Namibia and Rwanda, two of 22 member countries of MenEngage Africa Alliance, are the only countries in sub-Saharan Africa that are fast moving towards attaining gender equality, and they rank 6th and 7th in world rankings, respectively, placing them among the world’s top 10 most gender-equal societies, according to the recently-released 2021 Global Gender Gap Report.
Namibia has made a significant move up from being ranked 12th in the Global Gender Gap Index 2020 to the 6th spot in the latest report, while Rwanda has moved up from 9th place to 7th . According to the 2021 report, Namibia has closed 80.9% of the gender gap, and Rwanda 80.5%.
The Global Gender Gap Report was first introduced by the World Economic Forum in 2006 as a framework for capturing the difference between women and men as reflected in social, political, intellectual, cultural, or economic attainments.
The report aims to measure this gap in four key areas: health, education, economics and politics. The rankings are designed to create global awareness of the challenges posed by gender gaps and the opportunities created by reducing them.
The gap in economics, for example, is the difference between men and women when it comes to salaries, the number of leaders and participation in the workplace, while education encompasses access to basic and higher levels of education. Health looks at life expectancy and politics examines the difference between how men and women are represented within decision-making organisations.
“It is encouraging to see that two countries that have MenEngage Africa networks are making noticeable strides towards achieving gender equality and that they are ranking amongst countries that are known as being gender-sensitive. It shows that interventions working with men and boys to promote gender equality and feminist values are important in ensuring that gender justice does, indeed, take place at country level,” said Bafana Khumalo, co-chairperson of MenEngage Alliance, in reaction to the report.
However, Khumalo also pointed out that more work still needs to be done towards attaining gender equality. “We would like to see more African countries registering high scores in the equality scales demonstrating an advancement in the attainment of the SDGs and the African Agenda 2063.”
“More countries need to pay attention to the gender gap, not only because such inequality is inherently unfair, but also because numerous studies suggest greater gender equality leads to better economic performance. In fact, the gaps between men and women across health, education, politics and economics need to be narrowed. Overcoming the biases that are keeping us from closing the gender gap represents an overwhelming economic as well as moral imperative, more especially as our societies and economies engage in strategies to recover from the Covid-19 pandemic, which we are all aware has impacted women and girls most negatively, even as women have been at the forefront of the response as essential workers and care-givers in families,” said Mpiwa Mangwiro, MenEngage Africa Advocacy Specialist.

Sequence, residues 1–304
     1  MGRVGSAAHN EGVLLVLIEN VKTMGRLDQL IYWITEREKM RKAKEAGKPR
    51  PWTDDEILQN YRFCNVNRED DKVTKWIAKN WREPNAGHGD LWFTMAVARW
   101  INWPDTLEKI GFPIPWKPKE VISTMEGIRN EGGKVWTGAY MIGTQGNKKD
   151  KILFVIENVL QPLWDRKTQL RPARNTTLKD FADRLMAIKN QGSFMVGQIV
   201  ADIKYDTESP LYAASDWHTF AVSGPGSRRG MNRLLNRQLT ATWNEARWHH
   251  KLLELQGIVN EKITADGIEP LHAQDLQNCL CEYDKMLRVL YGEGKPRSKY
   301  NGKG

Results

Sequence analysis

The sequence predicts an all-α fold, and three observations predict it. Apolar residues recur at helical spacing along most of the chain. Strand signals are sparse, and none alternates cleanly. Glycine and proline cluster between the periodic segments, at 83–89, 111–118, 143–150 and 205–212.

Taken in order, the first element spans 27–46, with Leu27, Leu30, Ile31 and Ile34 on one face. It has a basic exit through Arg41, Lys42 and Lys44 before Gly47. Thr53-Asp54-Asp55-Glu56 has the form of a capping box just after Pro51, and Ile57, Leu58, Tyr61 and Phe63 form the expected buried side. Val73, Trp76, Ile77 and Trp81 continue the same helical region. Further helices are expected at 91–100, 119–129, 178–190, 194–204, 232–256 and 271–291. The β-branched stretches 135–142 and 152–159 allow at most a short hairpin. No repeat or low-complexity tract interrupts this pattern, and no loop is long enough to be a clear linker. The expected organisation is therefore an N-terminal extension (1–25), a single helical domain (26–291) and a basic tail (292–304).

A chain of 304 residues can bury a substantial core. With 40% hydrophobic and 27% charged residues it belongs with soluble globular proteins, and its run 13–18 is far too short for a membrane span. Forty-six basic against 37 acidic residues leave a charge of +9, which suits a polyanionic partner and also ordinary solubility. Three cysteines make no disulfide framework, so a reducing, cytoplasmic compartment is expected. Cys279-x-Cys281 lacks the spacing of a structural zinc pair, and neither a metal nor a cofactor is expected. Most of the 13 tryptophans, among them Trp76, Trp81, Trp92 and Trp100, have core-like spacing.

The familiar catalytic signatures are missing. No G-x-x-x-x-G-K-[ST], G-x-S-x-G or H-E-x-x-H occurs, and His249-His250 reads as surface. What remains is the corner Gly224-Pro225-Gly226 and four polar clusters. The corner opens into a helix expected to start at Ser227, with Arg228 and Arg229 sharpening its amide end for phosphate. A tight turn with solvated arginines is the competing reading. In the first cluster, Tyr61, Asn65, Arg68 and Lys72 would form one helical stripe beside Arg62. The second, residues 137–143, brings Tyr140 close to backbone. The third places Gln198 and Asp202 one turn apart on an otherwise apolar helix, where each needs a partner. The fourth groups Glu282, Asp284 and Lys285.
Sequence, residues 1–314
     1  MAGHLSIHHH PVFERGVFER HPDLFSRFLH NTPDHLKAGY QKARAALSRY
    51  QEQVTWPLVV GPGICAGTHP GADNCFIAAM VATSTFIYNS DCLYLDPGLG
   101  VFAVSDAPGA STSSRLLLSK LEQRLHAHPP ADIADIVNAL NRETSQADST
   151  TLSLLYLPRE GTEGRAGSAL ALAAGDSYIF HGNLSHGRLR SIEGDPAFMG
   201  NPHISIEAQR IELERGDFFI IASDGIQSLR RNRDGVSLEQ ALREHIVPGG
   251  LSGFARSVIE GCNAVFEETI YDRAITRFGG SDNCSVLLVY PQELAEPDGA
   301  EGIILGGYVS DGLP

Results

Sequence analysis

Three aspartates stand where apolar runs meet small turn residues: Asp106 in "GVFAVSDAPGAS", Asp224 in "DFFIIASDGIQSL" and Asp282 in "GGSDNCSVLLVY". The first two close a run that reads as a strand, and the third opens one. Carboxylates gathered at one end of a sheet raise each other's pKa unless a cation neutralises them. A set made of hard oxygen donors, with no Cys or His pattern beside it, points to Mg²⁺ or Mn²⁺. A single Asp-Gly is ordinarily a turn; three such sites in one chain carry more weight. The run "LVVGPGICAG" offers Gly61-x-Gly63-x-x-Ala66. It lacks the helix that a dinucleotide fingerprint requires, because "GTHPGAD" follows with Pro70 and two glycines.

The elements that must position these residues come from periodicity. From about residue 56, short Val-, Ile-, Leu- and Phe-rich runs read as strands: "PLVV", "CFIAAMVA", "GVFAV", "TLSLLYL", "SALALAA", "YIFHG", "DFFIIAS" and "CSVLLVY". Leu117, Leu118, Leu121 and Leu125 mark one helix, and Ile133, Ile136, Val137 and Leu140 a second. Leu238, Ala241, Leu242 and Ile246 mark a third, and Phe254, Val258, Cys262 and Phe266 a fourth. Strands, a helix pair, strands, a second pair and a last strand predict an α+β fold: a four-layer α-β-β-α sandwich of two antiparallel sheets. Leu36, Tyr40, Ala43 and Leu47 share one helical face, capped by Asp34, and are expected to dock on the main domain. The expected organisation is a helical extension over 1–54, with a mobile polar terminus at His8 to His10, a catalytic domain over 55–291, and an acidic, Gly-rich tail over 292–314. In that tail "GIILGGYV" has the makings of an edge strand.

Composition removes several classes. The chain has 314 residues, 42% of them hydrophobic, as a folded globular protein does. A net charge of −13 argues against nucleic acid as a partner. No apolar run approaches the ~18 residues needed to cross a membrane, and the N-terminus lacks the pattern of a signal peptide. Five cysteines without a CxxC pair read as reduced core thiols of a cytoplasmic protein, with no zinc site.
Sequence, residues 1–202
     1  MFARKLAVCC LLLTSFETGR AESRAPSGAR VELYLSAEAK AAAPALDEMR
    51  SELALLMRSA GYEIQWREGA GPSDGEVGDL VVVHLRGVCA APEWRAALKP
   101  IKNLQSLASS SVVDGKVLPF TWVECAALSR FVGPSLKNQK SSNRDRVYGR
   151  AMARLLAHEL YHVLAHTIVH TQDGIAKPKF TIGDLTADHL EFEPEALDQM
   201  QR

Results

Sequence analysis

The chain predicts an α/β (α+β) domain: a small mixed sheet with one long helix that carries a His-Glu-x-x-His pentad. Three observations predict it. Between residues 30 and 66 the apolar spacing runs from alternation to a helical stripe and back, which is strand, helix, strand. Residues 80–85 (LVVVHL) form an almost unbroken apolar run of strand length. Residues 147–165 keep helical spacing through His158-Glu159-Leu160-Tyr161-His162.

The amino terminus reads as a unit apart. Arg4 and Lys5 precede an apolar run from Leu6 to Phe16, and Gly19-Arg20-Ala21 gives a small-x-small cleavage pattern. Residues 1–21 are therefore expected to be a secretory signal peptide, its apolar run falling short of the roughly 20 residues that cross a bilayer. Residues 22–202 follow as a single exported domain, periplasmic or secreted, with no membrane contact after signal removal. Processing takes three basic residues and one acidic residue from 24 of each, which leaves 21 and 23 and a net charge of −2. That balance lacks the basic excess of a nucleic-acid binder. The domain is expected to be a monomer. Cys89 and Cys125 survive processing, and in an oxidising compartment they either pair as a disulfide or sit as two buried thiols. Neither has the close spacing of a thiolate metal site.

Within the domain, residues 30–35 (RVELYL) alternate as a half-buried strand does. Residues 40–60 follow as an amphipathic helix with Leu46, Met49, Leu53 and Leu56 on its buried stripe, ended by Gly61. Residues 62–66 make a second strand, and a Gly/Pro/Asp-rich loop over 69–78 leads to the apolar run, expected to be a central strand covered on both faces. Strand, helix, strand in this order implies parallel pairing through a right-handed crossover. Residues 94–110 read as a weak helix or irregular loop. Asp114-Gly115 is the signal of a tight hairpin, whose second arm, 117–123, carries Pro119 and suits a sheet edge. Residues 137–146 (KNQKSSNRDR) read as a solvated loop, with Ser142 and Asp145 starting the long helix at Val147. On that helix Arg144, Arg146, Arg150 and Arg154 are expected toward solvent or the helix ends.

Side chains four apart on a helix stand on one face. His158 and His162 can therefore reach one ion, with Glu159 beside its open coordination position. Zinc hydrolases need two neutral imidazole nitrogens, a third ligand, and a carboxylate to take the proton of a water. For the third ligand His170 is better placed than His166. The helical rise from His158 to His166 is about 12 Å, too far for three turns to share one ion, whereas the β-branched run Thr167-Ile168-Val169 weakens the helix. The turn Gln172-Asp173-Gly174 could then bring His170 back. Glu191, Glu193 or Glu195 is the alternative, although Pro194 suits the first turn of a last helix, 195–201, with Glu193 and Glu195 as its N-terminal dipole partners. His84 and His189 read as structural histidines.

The report bench-marks 156 countries and comes out a little over one year after COVID-19 was officially declared as a pandemic. “Preliminary evidence suggests that the health emergency and the related economic downturn have impacted women more severely than men, partially re-opening gaps that had already been closed”, the report states, and it estimates that “at the current rate of progress it will now take 135.6 years to close the gender gap worldwide”.
This is too long a period to ensure that the gender gap is finally closed. Urgent action is needed at country level to fast-track transformation to ensure that truly ‘no one is left behind’ in our communities.
The report’s findings at a glance:
- The gender gap in political empowerment remains the largest of the four gaps tracked, with only 22% closed to date, having further widened since the 2020 edition of the report by 2.4 percentage points. At the current rate of progress, the World Economic Forum estimates that it will take 145.5 years to attain gender parity in politics.
- The gender gap in economic participation and opportunity remains the second-largest of the four key gaps tracked. According to this year’s results, 58% of this gap has been closed so far. The gap has seen marginal improvement since the 2020 edition of the report and as a result it is estimated that it will take another 267.6 years to close.
- Gender gaps in educational attainment and health and survival are nearly closed. In educational attainment, 95% of this gender gap has been closed globally, with 37 countries already at parity. However, the ‘last mile’ of progress is proceeding slowly. The report estimates that it will take another 14.2 years to completely close this gap. In health and survival, 96% of the gender gap has been closed, registering a marginal decline since last year (not due to COVID-19), and the time to close this gap remains undefined.
The performance of Namibia and Rwanda is testimony that this can be done with the commitment from a committed leadership. We commend Namibia and Rwanda for the milestones they have made. We also hope that together with other African countries they can continue to move forward until full parity is attained.
As MenEngage Africa Alliance, we remain committed to contribute to all efforts that seek to ensure that countries in our region improve on policies and practices that advance the course for gender equality.